“About my work”. Josep Lluís Mateo at Chicago’s Crown Hall
My work speaks of places that I transform and continue.
Construction is a fight with time. Also, in such an artisan practice as mine, it roots us in place.
I do not subscribe to the rhetoric of the noble savage. My work is nomadic; it speaks not so much of rootedness, of roots, of the earth. It is more of a hunter than a farmer.
My work speaks of space. In fact, one of the many things I have yet to do is something involving just space (no material, gravity, use), just floating space, with light and darkness.
I’d like my work to be cosmopolitan (understandable to everyone), without referring to my roots (without having to show them), or at least they will be implicit, not explicit.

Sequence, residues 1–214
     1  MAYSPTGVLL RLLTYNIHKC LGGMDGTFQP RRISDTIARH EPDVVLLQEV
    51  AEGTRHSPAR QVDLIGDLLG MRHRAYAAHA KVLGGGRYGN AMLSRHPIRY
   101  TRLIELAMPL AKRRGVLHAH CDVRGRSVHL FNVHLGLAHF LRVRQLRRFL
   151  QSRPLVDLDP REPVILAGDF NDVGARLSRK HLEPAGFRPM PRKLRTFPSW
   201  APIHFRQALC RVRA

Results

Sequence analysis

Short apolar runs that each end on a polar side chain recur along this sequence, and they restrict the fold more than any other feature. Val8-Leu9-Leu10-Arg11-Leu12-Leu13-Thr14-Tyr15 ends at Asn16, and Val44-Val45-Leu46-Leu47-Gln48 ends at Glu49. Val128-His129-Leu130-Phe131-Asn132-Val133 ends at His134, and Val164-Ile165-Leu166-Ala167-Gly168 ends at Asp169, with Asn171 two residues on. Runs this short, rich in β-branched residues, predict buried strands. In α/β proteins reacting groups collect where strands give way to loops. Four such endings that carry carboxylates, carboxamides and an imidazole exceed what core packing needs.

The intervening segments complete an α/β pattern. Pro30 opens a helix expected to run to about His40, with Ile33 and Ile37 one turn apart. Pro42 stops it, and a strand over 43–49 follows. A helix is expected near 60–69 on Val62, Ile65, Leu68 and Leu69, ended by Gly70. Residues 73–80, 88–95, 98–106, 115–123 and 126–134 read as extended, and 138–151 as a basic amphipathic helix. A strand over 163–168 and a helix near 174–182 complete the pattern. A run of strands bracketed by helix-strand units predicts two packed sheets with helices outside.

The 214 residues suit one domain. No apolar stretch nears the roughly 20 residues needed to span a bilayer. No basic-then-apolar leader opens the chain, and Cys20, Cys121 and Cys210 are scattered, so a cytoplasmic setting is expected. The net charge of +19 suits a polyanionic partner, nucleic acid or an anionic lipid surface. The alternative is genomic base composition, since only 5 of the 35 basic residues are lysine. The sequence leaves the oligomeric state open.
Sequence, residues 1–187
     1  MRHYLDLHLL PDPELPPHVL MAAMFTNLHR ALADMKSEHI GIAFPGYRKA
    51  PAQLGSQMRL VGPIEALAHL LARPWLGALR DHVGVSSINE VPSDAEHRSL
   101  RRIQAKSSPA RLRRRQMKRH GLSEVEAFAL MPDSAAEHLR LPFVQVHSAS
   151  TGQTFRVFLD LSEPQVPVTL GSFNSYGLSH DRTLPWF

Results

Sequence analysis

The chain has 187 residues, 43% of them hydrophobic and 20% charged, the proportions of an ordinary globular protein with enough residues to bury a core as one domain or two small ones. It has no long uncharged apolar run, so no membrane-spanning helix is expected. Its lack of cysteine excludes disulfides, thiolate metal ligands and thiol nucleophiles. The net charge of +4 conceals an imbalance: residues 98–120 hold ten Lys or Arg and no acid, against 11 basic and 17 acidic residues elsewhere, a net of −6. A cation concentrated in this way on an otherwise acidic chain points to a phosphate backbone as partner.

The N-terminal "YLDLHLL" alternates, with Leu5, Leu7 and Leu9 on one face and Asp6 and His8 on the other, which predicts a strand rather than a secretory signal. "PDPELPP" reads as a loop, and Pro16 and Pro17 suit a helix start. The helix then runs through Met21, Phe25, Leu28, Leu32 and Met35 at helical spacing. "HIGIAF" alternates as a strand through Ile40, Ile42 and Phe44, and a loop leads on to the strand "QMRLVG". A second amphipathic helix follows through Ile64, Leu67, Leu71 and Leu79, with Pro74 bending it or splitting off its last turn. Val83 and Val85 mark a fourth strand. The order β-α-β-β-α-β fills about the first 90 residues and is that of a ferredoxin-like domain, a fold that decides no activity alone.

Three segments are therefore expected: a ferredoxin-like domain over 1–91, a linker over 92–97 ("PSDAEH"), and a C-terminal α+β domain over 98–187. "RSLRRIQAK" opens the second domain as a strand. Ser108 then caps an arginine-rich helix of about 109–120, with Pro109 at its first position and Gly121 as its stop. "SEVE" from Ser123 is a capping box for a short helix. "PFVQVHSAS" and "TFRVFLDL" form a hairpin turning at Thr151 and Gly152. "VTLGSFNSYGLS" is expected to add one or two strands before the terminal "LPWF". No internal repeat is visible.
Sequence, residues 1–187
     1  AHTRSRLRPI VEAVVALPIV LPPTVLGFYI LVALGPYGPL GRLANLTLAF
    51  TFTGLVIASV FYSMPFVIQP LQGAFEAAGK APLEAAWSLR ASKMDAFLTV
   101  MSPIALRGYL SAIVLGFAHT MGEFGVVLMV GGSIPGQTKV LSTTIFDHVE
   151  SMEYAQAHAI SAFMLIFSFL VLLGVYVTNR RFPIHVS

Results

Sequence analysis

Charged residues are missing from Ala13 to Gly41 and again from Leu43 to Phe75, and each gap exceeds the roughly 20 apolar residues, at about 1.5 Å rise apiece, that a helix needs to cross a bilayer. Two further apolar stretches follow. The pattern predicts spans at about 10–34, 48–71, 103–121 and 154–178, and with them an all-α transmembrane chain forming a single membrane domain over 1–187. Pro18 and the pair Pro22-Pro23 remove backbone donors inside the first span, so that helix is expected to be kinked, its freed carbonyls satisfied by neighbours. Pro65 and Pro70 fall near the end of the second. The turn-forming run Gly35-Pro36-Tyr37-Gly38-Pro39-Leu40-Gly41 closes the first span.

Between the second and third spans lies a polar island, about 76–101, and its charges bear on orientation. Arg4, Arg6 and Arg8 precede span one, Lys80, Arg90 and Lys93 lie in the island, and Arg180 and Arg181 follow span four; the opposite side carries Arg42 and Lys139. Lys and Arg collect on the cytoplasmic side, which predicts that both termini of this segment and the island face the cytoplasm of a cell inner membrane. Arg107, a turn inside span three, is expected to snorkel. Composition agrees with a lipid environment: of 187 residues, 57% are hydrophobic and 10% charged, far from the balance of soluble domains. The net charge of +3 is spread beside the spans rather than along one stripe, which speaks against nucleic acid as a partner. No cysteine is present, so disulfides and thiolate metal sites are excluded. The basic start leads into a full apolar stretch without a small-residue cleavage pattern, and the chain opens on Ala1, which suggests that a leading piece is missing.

As I see it, in the world of globalisation, the exalted, messianic discourses of the turn of the century have not borne fruit; they are finished.
As are high-tech versions and epithelial mannerisms.
Historical discourses have shown their limits and their expiration date.
Nor do I recognise myself in the contemporary propositions of the noble savage: on the periphery, rooted, local, anti-urban, pseudo-Franciscan… Their discourse conceals a lie, even though their work is intense and can indulge their materiality, which the close relation with the work allows.
I would like to take a third way: cosmopolitan but attentive, specific but understandable to everyone, close to the material but not bound by it, with roots but not showing them: we have to extend the field, not insist on its boundaries.
Josep Lluís Mateo
(Chicago, end March, S.R. Crown Hall – IIT College of Architecture in Chicago)
Image by Corey Gaffer Photography